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The Millennium Star Atlas was constructed as a collaboration between a team at Sky & Telescope led by Roger Sinnott, and the European Space Agency's Hipparcos project, led by Michael Perryman. This 1997 work was the first sky atlas to include the Hipparcos and Tycho Catalogue data, extending earlier undertakings in terms of completeness and uniformity to a magnitude limit of around 10–11 magnitude. It appeared as a stand-alone publication,[1] and as three volumes of the 17-volume Hipparcos Catalogue.

The 1548 charts include one million stars from the Hipparcos and Tycho-1 Catalogues, three times as many as in any previous all-sky atlas; more than 8000 galaxies with their orientation; outlines of many bright and dark nebulae; the location of many open and globular clusters; and some 250 of the brightest quasars. The non-stellar objects in the atlas are identified by type and designation. The chart scale is 100 arcsec/mm, matching that at the focus of an 8-inch f/10 Schmidt-Cassegrain. Star magnitudes are essentially Johnson V. Distance labels are given for stars within 200 light-years of the Sun. Proper motion arrows are given for stars with motions exceeding 0.2 arcsec/yr. Variable stars are indicated by amplitude and variability type. Many thousands of already known and newly discovered double stars are depicted with tick marks indicating separation and position angle.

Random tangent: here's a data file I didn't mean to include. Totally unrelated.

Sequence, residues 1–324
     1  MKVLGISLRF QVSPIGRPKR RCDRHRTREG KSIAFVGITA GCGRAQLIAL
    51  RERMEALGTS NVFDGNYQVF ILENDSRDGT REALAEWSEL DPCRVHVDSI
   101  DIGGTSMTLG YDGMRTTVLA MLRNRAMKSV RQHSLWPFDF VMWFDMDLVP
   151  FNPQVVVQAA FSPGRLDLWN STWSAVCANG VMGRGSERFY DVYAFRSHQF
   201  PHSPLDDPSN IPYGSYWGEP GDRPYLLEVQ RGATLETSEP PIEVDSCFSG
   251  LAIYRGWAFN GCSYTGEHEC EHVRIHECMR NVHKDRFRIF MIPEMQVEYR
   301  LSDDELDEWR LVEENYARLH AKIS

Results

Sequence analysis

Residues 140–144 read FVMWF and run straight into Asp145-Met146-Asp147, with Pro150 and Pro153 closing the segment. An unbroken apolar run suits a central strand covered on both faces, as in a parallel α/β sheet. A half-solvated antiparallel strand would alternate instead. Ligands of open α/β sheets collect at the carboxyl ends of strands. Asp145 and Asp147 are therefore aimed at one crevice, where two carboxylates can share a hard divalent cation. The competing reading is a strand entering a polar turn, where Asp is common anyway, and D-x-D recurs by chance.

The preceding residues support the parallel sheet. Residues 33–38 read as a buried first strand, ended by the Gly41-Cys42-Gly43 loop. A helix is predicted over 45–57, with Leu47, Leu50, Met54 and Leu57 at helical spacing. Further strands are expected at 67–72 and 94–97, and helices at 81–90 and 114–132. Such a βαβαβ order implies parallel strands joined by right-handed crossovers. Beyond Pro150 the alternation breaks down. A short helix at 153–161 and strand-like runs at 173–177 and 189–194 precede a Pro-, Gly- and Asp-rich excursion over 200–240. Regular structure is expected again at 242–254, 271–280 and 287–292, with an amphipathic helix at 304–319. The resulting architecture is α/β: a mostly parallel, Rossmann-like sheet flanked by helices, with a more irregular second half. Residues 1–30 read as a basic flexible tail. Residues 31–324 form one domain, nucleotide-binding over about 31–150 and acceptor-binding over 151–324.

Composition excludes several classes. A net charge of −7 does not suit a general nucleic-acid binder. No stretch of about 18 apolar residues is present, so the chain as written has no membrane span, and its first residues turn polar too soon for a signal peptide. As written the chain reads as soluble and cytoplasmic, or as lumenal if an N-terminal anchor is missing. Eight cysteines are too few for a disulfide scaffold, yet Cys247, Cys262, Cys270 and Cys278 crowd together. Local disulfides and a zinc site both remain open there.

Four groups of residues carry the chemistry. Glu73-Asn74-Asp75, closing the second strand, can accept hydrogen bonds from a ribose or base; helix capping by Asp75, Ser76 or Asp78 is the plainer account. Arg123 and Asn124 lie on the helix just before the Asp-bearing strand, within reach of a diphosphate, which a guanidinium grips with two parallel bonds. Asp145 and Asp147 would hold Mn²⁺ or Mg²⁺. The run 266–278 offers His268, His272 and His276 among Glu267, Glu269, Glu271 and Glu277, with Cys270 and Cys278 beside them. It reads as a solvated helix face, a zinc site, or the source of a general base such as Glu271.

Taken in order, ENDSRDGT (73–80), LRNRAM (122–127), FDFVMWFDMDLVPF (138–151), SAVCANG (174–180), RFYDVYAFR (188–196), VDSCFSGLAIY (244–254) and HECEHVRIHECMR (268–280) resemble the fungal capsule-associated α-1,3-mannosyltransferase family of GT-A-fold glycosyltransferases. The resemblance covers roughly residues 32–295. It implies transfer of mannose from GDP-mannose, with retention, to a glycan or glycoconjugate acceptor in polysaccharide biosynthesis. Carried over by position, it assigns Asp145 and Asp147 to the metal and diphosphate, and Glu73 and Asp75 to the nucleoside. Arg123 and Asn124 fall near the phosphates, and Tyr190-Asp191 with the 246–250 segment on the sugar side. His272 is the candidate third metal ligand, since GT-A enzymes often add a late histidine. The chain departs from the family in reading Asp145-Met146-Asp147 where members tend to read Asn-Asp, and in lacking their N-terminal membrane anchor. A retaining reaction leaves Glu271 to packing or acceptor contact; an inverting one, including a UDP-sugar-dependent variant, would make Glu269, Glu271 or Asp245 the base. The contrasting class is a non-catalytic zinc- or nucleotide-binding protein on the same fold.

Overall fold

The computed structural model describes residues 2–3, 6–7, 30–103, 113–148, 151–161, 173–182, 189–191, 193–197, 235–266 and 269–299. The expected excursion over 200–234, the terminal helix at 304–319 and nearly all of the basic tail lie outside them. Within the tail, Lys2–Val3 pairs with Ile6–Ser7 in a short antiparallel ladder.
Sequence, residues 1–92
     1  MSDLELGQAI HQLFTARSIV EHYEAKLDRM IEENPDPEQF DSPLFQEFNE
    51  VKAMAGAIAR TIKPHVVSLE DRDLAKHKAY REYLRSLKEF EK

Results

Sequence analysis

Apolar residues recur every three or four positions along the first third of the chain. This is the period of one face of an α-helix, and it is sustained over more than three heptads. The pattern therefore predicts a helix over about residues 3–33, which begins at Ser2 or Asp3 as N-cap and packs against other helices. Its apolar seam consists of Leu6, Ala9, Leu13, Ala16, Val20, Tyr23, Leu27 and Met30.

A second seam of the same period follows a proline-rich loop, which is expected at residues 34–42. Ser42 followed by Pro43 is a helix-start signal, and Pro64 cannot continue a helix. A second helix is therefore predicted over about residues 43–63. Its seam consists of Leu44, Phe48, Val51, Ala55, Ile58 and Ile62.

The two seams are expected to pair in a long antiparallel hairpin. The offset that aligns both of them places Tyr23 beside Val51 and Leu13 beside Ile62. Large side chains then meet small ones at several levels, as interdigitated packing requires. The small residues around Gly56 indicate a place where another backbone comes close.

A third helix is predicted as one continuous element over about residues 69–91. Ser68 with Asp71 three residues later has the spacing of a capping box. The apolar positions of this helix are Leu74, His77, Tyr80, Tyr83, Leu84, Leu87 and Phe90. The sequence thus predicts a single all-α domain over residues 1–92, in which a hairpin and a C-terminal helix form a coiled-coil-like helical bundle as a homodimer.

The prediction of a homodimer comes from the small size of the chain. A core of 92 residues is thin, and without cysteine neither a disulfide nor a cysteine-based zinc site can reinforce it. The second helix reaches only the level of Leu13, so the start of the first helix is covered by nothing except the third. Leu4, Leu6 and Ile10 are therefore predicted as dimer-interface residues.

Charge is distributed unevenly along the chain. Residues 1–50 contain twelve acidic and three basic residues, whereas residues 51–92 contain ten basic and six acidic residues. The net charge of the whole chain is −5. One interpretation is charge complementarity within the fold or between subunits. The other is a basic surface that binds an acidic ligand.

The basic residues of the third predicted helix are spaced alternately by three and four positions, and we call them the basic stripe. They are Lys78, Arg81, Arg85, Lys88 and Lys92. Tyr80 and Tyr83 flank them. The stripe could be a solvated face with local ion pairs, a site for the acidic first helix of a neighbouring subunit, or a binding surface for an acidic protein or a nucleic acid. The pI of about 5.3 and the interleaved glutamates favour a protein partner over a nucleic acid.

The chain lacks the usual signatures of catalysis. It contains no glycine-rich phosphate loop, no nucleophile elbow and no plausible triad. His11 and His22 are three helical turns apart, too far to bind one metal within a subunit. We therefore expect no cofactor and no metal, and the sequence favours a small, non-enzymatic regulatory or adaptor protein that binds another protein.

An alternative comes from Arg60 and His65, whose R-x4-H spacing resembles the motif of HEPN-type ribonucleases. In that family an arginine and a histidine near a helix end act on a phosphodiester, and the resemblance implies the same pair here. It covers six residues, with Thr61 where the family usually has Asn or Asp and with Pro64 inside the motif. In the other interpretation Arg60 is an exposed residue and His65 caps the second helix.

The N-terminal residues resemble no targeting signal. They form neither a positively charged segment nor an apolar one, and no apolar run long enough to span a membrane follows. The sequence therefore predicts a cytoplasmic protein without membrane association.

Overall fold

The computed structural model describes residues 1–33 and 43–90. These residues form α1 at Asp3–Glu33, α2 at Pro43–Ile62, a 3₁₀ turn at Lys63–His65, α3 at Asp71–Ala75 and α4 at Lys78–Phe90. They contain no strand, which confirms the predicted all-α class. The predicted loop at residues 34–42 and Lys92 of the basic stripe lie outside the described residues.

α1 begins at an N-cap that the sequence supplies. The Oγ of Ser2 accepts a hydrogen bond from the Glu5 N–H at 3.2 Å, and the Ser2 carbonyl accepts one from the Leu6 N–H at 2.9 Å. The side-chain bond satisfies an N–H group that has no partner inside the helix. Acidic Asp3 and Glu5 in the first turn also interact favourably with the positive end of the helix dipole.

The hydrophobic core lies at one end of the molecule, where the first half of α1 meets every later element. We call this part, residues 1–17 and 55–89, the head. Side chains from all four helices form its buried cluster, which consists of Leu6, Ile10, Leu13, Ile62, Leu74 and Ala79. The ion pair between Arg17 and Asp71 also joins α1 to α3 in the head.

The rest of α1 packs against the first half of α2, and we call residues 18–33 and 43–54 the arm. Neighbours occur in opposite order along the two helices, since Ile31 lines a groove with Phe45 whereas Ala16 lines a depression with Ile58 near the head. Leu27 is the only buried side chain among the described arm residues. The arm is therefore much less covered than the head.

Other major celestial atlases since 1997 have also incorporated the Hipparcos and Tycho Catalogue data. These include Sky Atlas 2000.0 (2nd edition to 8.5 mag),[2] the Cambridge Star Atlas (3rd edition to 6.5 mag),[3] Uranometria 2000.0 (2nd edition to 9.7 mag),[4] the Bright Star Atlas 2000.0 (to 6.5 mag),[5] and the Pocket Sky Atlas (to 7.6 mag).[6]


  1. ^ Sinnott, Roger; Perryman, Michael (1997). 'Millennium Star Atlas (3 volumes). Sky Publishing Corporation & European Space Agency. ISBN 978-0933346840.
  2. ^ Strong, Robert; Sinnott, Roger (2000). Sky Atlas 2000.0: Companion, 2nd Edition. Sky Publishing. ISBN 978-0933346956.
  3. ^ Wil Tirion, Cambridge Star Atlas, Third Edition, Cambridge University Press, 2001
  4. ^ Wil Tirion, Barry Rappaport, and Will Remaklus, Uranometria 2000.0, Willmann-Bell, 2001
  5. ^ Wil Tirion and Brian Skiff, Bright Star Atlas 2000.0, Willmann-Bell, 2001
  6. ^ Sinnott, Roger (2006). Pocket Sky Atlas. Sky & Telescope. ISBN 978-1931559317.